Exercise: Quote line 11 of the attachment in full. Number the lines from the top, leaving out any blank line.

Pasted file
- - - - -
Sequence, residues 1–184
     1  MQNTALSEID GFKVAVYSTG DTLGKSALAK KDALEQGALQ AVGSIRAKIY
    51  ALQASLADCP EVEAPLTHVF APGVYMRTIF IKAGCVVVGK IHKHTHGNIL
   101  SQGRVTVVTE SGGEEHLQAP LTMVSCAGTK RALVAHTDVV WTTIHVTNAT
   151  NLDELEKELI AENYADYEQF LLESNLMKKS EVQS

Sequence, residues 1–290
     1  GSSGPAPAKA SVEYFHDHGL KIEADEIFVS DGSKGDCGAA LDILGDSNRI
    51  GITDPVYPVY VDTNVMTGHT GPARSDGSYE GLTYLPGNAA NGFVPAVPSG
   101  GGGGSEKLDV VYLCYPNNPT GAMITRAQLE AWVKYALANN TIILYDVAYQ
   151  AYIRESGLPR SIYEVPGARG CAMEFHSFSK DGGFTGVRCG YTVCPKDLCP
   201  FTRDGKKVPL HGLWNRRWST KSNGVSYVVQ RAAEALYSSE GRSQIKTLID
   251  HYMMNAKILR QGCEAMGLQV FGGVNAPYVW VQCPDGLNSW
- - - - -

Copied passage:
   201  FTRDGKKVPL HGLWNRRWST KSNGVSYVVQ RAAEALYSSE GRSQIKTLID